The term demand refers to the quantity of a given product that consumers will be willing and able to buy at a given price. As a general common sense rule – ‘the higher the price of a particular product the lower will be the demand for it’.
The term supply refers to the quantity of a particular product that suppliers (producers and/or sellers) will make available to the market at a particular price. The higher the price, the greater the quantity that suppliers will be willing to supply to the market.
Markets consist of individuals or groups of businesses that are prepared to supply a product and customers who demand the product. The market price is determined by the interaction of the forces of demand and supply.
Demand and supply can be illustrated by schedules and curves that illustrate how quantities demanded and supplied will vary with the price.
Demand and supply curves for a tabloid newspaper (e.g. the Independent or Times).
The table above shows a schedule of demand, for tabloid newspapers daily. You can see that:
At a low price (35p) a much higher quantity is demanded (800,000) than at a higher price (e.g. 60p) where only 300,000 would be demanded.
The table also shows a schedule of supply. The tabloid newspaper supplier is prepared to supply greater quantities at higher prices to the market.
This is because at higher prices it becomes more worthwhile to pay the higher charges required to pay printing firms who have to hire extra staff to work unsociable nighttime hours to pack and distribute the finished papers.
At a high price (60p) the newspaper is prepared to supply 600,000 papers, while at a low price, it will only supply 350,000.
This information can graphically be illustrated in the form of demand and supply curves. The illustration below shows the same information as in the schedule but in a graphical form.
Note that demand slopes downwards from left to right, and supply slopes upwards from left to right.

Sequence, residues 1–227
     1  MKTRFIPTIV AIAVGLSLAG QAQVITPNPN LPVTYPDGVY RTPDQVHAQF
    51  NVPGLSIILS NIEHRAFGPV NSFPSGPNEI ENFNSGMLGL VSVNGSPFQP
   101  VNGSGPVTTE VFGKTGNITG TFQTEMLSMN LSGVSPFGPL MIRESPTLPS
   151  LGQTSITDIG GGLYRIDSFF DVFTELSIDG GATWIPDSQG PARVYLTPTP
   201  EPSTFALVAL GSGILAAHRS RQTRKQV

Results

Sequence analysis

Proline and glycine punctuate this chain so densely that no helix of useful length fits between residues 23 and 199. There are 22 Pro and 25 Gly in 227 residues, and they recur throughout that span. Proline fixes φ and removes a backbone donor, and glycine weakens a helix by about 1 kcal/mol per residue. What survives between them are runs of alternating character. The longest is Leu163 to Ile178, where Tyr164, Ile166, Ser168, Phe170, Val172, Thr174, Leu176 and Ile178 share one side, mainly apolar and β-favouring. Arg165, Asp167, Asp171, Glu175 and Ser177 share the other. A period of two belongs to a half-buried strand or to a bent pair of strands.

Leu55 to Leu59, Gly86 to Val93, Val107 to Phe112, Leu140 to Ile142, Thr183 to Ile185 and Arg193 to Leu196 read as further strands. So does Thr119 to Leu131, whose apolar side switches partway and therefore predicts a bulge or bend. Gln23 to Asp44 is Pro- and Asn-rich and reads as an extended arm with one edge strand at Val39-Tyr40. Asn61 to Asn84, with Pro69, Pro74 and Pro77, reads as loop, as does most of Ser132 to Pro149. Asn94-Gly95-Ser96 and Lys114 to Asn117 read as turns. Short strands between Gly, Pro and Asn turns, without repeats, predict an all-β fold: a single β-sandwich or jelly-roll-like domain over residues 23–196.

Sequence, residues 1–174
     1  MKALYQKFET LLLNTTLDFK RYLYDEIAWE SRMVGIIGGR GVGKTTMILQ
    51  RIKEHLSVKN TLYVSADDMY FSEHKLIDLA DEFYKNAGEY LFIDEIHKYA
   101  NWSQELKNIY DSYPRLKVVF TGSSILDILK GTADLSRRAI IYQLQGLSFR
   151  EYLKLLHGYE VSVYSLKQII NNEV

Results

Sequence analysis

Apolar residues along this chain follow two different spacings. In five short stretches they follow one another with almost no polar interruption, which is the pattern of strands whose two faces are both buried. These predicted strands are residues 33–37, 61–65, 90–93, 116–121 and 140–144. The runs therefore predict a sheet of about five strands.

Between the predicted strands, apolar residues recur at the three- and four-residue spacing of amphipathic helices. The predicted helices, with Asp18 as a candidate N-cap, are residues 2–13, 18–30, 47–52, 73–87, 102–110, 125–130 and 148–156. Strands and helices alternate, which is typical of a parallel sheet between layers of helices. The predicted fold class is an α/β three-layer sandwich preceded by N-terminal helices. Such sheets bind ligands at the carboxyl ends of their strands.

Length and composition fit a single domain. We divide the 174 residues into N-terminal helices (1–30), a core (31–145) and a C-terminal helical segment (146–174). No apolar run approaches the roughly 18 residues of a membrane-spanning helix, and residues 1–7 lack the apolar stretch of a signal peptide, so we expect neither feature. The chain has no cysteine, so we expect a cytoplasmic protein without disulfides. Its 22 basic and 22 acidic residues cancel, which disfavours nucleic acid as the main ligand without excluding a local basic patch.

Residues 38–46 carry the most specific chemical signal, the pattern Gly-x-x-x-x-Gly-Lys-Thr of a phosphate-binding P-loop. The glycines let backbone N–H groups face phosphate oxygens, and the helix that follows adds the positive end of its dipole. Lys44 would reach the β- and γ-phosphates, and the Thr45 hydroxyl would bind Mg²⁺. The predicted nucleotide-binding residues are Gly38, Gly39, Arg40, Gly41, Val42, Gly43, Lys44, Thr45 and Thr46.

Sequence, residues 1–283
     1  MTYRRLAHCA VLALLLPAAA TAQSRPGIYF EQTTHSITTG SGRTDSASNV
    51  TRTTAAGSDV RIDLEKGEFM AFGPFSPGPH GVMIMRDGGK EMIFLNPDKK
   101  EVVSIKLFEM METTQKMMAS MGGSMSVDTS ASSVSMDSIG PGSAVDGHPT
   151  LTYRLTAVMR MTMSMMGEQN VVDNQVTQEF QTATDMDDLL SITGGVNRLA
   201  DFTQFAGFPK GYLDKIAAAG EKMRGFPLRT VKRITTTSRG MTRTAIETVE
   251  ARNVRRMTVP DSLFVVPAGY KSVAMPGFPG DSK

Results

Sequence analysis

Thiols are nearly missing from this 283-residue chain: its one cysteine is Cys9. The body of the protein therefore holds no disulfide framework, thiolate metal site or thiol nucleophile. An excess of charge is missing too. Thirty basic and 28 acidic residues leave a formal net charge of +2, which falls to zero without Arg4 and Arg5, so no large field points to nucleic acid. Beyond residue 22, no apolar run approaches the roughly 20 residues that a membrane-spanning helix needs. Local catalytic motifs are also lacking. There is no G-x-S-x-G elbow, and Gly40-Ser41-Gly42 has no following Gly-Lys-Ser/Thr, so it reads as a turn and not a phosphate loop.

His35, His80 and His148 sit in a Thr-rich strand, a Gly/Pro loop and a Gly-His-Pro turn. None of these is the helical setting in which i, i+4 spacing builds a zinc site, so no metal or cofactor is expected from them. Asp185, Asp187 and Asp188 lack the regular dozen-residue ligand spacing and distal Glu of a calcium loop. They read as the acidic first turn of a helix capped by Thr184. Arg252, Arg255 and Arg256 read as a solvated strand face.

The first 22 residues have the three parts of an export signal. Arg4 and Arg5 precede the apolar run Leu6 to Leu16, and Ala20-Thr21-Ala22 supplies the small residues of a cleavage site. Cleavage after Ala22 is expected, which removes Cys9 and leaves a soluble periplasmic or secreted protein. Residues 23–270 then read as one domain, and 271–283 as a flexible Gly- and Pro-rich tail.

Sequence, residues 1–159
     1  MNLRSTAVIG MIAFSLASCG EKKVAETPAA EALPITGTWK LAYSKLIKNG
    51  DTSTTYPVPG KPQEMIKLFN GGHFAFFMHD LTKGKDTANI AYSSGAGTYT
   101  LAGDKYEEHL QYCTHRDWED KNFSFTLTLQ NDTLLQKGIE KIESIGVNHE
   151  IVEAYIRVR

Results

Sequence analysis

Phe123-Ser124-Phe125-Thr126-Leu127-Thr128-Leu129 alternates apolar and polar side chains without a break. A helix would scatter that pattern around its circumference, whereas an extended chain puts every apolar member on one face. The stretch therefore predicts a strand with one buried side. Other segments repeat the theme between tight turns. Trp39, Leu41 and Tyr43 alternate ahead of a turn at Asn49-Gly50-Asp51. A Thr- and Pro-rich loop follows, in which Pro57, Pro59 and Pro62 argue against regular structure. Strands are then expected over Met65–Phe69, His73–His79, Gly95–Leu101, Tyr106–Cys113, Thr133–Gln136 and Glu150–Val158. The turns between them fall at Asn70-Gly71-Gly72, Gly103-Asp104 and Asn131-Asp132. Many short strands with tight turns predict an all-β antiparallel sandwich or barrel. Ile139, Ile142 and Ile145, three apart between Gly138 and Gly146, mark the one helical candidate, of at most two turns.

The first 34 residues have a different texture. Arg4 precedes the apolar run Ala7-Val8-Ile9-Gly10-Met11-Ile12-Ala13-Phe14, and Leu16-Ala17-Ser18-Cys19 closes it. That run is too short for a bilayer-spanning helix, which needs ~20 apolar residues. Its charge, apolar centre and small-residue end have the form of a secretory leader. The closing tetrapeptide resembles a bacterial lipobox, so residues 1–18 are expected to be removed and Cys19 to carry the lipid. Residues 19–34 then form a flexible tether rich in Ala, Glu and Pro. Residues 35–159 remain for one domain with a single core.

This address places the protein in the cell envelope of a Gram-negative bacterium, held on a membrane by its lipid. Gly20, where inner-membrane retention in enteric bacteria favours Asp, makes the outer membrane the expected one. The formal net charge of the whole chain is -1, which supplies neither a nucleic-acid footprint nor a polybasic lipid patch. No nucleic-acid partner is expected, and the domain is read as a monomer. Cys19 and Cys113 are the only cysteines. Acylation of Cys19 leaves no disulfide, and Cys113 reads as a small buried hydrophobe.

The market decides how many papers will actually be bought and sold through the interaction of demand and supply creating market equilibrium.
The equilibrium position arises where the wishes of buyers and sellers match i.e. where there is no surplus or shortage. For example at 50 pence where 500,000 papers are demanded and supplied.
Any price other than 50p would be a disequilibrium one and could not last long. If prices are too high, too many papers will be printed and add to business costs but not revenues.
If prices are too low the business will not produce enough to meet customer’s demands – customers will be frustrated and bid up prices back to the equilibrium.
An important aspect of marketing is knowing what the demand is for your products. All companies engage in marketing activities to find out what the demand for their different products will be.
For example, Coca-Cola will want to investigate market trends in the carbonated drinks sector, while a bank will want to find out about the demand for financial services.
Armed with this information they are able to make appropriate pricing decisions based on what other suppliers are doing, as well as on the demand from consumers in the market.
Changes in demand and supply
In the course of time, the demand and supply of goods and services will change.
Market research is an important tool for finding out about changes in demand. By anticipating these changes a market focused company is able to get its pricing decisions just right.
Important factors leading to an increase in demand for goods or services are:
- Economic factors. A booming UK economy will mean that people have more disposable income. With more money in their pockets, the demand for many products will increase to the benefit of most firms.
- Social factors. Changing social trends affect buying patterns. For example, today people tend to be increasingly cash rich and time poor as they live busy lives. In these situations, there is less time for home cooking, and so there is an increasing demand for ready meal solutions providing an opportunity for companies like McDonalds and Kraft Foods.
In the modern high-tech world there are also important factors that influence supply. Nowhere is this truer than in the development of new production technologies leading to the production of high volume low cost goods.
For example, in recent years Coca-Cola has developed high-tech canning factories that use less costly and cheaper materials in the production of cans.
Wants – a want is simply a desire for a product; it is not the same thing as demand.
Effective demand – refers to a desire for a product that is backed up by a purchasing decision. For demand to be effective the consumer needs to have the money required to make the purchase.
Elasticity of demand – refers to the sensitivity of demand to a change in price. The more sensitive demand is (i.e. the more it changes) to a price change the more elastic it is said to be.